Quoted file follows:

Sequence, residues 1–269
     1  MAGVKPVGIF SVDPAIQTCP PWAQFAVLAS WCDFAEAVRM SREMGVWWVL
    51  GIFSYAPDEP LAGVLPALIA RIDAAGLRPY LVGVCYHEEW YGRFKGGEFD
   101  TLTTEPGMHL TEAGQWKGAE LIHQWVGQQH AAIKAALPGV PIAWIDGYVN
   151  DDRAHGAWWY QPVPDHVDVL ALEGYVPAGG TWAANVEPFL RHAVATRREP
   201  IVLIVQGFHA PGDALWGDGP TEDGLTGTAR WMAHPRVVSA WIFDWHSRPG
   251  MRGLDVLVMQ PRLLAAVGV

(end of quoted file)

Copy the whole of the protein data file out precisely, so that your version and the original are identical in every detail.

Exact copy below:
Sequence, residues 1–269
     1  MAGVKPVGIF SVDPAIQTCP PWAQFAVLAS WCDFAEAVRM SREMGVWWVL
    51  GIFSYAPDEP LAGVLPALIA RIDAAGLRPY LVGVCYHEEW YGRFKGGEFD
   101  TLTTEPGMHL TEAGQWKGAE LIHQWVGQQH AAIKAALPGV PIAWIDGYVN
   151  DDRAHGAWWY QPVPDHVDVL ALEGYVPAGG TWAANVEPFL RHAVATRREP
   201  IVLIVQGFHA PGDALWGDGP TEDGLTGTAR WMAHPRVVSA WIFDWHSRPG
   251  MRGLDVLVMQ PRLLAAVGV